For a book-length exploration of a writer struggling to ply her trade in the city then being drawn, by love, to farming in upstate New York, see The Dirty Life: A Memoir of Farming, Food, and Love by Kristin Kimball. She returns many times to the qualities of the city that draw and repel. Just by the cover of Kimball's book, we know that it's a woman's story. But nowhere, except in the negative comments, do we know that Leaving All That reflects an exclusively young, female perspective. There's certainly a great deal of interest in that perspective, then why hide it? Why not Women Writers on Loving and Leaving New York? There's something profoundly disingenuous, even deceitful about this. Just a marketing ploy?

But all the arguments here boil down to this: New York City has an attraction that writers, and many artists, cannot resist, perhaps to their detriment. Come if you must, but leave before it eats you up. We all learned that in the Sunscreen commencement speech. Only a few of the essays offer meaningful insight, but it's conceited to compare to Didion's essay in Slouching Toward Bethlehem, and all of these essays pale in comparison. They might have stood up better without the tribute to Didion as the organizing conceit.

A point perhaps under-explored here is the growing irrelevance of place for a writer. At least geographically. Publishers are now more interested in your following on the Internet when considering publishing you, not where you live.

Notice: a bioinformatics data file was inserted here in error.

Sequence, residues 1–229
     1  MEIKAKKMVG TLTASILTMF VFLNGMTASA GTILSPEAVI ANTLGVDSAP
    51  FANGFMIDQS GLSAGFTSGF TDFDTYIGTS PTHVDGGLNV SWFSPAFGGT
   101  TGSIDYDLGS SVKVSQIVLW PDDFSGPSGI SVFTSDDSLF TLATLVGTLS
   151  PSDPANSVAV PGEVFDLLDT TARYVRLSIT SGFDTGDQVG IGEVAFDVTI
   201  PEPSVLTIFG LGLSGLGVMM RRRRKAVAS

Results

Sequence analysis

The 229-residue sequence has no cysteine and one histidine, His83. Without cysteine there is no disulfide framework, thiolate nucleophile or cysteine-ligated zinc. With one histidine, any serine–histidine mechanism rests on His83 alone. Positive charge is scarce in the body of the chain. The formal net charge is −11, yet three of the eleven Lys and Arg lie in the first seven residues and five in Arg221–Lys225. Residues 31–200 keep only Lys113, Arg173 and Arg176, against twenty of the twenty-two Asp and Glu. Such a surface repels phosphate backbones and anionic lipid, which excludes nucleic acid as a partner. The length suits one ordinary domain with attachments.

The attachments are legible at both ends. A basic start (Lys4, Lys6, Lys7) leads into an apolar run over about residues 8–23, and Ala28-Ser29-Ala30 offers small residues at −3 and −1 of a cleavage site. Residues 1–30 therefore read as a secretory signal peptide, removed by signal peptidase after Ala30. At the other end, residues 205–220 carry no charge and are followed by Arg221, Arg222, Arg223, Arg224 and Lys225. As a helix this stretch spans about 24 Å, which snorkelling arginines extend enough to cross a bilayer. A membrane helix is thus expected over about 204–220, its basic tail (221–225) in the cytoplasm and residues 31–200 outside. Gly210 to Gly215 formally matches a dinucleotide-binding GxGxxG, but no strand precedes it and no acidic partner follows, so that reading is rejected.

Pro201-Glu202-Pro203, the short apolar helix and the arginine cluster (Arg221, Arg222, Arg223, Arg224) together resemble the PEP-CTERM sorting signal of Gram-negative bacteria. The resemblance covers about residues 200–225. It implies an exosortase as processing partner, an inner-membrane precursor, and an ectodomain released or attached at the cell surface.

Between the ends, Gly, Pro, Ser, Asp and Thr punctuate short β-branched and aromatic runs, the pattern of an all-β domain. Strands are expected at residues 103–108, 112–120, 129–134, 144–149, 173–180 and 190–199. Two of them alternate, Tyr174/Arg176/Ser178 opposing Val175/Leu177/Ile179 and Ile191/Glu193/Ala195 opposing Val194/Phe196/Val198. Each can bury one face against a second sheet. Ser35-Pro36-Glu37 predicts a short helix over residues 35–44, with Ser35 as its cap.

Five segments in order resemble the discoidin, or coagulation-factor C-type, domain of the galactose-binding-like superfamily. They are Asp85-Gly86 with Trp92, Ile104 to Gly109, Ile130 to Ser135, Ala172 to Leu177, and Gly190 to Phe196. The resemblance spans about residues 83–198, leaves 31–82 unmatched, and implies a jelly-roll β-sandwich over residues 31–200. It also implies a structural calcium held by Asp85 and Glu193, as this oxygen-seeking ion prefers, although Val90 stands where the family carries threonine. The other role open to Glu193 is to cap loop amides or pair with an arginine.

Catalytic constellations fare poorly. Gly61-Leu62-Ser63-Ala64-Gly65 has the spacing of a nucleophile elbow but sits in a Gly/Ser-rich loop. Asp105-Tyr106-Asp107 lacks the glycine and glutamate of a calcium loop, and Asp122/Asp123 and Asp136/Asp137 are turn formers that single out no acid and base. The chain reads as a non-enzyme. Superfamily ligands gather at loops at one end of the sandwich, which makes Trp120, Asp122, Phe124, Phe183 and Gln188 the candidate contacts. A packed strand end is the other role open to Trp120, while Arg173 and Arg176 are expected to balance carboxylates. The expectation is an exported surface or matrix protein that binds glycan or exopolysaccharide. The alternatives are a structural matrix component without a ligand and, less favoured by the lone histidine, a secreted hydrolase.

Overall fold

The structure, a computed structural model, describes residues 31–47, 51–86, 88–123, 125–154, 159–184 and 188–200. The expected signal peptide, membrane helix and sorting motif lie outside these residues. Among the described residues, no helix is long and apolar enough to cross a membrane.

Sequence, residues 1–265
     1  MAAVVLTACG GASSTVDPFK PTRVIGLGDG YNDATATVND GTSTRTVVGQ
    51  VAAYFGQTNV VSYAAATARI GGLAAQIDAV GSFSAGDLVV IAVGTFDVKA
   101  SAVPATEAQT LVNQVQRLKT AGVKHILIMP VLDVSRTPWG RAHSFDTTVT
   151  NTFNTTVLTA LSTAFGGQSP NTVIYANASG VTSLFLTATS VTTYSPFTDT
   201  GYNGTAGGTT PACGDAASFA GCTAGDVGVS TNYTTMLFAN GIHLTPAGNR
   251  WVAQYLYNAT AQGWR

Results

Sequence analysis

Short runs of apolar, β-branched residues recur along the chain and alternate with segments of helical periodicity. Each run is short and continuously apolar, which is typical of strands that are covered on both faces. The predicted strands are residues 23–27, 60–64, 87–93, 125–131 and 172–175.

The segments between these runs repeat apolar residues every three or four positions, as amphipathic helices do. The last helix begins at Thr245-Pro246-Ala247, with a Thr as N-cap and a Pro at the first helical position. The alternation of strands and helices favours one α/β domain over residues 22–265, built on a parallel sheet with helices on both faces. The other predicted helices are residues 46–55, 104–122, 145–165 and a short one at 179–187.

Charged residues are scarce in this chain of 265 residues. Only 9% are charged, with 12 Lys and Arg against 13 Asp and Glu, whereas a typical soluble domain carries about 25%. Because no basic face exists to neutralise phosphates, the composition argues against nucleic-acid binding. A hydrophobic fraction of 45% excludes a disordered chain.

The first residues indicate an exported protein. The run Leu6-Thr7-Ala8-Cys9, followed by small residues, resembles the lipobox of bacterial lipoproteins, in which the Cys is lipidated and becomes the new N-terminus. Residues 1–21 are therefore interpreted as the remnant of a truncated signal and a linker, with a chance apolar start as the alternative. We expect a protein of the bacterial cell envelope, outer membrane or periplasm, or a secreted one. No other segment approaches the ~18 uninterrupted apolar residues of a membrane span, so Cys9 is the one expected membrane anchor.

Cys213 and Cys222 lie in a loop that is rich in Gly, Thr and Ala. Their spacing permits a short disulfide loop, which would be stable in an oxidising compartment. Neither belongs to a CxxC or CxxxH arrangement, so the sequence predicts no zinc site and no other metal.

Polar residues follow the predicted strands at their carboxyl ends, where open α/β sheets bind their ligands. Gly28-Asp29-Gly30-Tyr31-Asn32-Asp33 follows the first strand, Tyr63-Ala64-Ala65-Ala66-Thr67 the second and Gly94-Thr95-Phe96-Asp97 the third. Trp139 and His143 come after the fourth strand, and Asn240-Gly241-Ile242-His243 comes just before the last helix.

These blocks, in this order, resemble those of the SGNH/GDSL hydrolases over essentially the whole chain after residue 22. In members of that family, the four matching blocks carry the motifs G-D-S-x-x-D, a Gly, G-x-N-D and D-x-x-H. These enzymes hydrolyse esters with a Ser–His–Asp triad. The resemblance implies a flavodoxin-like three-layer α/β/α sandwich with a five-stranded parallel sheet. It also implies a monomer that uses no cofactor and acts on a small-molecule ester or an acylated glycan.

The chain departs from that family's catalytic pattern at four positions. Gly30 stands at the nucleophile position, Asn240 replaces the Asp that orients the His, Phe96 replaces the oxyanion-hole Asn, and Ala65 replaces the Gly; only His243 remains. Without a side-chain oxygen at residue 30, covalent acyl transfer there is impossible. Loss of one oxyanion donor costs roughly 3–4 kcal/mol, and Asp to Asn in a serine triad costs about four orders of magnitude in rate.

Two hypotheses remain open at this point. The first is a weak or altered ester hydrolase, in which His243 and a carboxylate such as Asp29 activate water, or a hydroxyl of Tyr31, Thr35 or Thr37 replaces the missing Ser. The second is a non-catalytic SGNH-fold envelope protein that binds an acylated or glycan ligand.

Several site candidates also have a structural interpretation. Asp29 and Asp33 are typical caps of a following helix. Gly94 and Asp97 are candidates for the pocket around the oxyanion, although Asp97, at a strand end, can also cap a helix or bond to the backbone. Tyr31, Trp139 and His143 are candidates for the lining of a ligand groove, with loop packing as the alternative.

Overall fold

It would be interesting and perhaps more relevant now to collect the stories of artists that still need to ply their trade in the city, like actors.
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on January 17, 2014
I was told about this book while considering to leave NYC. I was told you either need to read it immediately, or never read it at all because of the potency of the stories. I ran to my kindle and downloaded it immediately. It was exactly what I needed to read. All the things that people love to hate, and hate to love about NYC are in this book. Beautifully written stories, wonderfully organized, perfect. A must read for anybody who is struggling over leaving this amazing city.
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on November 16, 2013
As a current New Yorker, reading this book has been thought provoking in a painful and funny way. The stories these authors tell are so similar to my own experiences, and although I don't agree with some of their attitudes and conclusions I can see how they got there. A probing look at why we all think of New York as so glamorous, and the ways in which that illusion fades.